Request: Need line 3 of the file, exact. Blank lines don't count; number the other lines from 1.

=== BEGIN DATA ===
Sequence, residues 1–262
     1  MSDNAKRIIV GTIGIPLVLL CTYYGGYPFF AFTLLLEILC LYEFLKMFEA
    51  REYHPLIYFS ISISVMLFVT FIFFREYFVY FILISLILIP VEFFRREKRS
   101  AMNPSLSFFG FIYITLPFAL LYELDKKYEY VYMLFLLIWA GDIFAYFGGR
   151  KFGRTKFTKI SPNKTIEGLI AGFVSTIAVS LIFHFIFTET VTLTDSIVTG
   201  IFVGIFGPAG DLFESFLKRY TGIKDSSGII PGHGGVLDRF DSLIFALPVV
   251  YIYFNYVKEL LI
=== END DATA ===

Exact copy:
    51  REYHPLIYFS ISISVMLFVT FIFFREYFVY FILISLILIP VEFFRREKRS